Addiction: A Statement of the Problem.
“The hottest places in hell are reserved for those, who in a period of moral crisis, maintain their neutrality.” —John F. Kennedy
The psychiatric community has replaced the terms addict and addiction with Substance Use Disorder (SUD). This reduces any stigma attached to those who become dependent on opioid medications following medical procedures for pain management. I question the distinction; not all who are treated with opiates become addicted following medical procedures.
What is the secondary gain? This is more of the “hijacked-brain” model.
The Challenge: Existing Paradigm
The drug-usurpation hypothesis concluded that once addicted, the brain had been unalterably changed structurally and functionally. In other words, “Once an addict, always and forever an addict.“ There was contradictory evidence as early as 1940.7 In this study, Spragg demonstrated that chimpanzees preferred a piece of fruit to morphine except when they were in acute withdrawal. In 1991, Nader demonstrated that by increasing the amount and availability of the nondrug reinforcement, it was preferred over cocaine.6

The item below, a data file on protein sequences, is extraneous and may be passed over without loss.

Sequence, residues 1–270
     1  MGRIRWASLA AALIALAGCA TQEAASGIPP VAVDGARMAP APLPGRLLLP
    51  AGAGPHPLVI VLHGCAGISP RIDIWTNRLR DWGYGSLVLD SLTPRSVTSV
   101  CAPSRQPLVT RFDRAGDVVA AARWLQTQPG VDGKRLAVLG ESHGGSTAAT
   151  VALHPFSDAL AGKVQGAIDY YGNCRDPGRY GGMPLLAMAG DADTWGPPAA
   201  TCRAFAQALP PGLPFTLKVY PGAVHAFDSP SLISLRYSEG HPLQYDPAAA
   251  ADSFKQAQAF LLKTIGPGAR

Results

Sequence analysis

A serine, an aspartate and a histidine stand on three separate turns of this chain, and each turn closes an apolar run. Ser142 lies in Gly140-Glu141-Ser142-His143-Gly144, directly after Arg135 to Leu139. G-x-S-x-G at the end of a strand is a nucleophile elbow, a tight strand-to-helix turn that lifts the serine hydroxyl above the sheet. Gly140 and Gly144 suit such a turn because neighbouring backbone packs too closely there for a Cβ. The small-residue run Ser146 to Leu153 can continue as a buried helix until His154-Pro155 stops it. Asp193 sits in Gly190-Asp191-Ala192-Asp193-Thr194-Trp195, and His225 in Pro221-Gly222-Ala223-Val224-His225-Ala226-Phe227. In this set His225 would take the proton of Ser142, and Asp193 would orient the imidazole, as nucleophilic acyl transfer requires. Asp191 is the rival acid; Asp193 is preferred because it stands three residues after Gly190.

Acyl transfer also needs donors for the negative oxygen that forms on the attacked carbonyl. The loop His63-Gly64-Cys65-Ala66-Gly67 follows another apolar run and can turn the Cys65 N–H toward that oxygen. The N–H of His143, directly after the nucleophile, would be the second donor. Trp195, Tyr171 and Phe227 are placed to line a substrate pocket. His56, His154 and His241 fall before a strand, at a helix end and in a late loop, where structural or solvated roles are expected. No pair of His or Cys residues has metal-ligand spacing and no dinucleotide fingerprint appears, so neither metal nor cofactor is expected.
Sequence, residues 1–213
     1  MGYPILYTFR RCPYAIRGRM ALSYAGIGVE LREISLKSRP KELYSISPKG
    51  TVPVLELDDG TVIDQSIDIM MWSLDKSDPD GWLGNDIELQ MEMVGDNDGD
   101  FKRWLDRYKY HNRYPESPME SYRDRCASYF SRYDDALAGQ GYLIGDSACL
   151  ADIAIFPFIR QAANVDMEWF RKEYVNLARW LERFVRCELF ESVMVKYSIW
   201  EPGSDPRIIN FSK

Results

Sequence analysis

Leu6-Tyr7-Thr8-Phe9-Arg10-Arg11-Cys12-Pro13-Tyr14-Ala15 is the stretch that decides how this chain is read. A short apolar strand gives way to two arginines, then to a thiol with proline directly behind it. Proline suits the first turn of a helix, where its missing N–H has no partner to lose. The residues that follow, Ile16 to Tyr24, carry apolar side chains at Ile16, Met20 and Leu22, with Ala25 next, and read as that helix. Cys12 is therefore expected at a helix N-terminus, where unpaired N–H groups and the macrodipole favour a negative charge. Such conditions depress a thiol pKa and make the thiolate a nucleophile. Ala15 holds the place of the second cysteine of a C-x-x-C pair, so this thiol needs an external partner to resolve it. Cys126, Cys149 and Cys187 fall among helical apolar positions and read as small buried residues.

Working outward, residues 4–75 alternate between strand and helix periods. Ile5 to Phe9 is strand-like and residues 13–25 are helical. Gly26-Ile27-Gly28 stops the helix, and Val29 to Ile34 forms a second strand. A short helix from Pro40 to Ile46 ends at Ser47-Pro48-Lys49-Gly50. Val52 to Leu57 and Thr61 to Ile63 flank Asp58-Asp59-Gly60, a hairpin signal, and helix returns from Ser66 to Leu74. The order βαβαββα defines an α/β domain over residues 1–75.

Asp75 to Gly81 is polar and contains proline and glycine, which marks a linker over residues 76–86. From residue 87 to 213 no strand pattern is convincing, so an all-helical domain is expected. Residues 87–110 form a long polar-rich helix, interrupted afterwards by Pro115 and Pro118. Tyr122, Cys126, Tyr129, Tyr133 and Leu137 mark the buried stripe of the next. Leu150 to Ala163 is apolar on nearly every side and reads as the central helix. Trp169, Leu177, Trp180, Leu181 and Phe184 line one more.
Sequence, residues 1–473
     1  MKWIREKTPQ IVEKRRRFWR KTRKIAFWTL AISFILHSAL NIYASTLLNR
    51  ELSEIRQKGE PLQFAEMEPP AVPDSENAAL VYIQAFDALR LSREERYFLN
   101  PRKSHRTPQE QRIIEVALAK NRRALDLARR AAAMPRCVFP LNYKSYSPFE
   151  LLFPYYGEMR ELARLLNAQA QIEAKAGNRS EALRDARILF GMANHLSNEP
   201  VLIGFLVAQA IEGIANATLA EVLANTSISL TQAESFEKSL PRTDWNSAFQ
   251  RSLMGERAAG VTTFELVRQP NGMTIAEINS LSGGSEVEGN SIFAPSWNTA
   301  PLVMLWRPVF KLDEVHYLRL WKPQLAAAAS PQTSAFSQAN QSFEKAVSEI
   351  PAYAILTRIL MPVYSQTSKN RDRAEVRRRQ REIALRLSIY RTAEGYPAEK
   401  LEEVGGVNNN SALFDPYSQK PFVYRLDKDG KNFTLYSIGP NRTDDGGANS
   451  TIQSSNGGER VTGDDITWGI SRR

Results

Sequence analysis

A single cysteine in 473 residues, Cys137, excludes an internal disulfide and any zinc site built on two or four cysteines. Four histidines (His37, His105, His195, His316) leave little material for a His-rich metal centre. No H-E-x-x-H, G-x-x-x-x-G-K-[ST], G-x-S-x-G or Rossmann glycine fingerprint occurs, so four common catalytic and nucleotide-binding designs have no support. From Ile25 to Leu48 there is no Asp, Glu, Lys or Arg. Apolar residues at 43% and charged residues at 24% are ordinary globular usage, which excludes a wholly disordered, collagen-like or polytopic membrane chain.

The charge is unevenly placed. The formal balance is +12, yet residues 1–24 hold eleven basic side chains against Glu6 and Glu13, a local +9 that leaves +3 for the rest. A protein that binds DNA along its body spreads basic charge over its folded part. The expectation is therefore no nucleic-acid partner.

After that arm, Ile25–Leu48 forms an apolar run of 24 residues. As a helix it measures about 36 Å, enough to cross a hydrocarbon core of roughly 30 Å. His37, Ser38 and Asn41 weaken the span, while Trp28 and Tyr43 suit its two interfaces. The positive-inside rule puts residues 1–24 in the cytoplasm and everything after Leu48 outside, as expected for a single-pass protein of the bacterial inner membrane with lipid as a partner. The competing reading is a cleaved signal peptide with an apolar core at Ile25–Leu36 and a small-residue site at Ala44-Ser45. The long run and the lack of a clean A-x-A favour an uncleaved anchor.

I am proposing that it is time to critically evaluate our “existing paradigm” regarding addiction etiology and treatment that is over eighty years old. In order to create more effective treatment protocols, it is the purpose of this book to offer a multifaceted alternative explanation to the genetic-disorder hypothesis of the disease model. The data does not support the claim that we know enough about addiction to refuse to exam (let alone collaborate about) the real causes of addiction.
The crux of the problem has relied on the misperception and lack of understanding of the explanatory utility of self-destructive behavior to the person exhibiting it.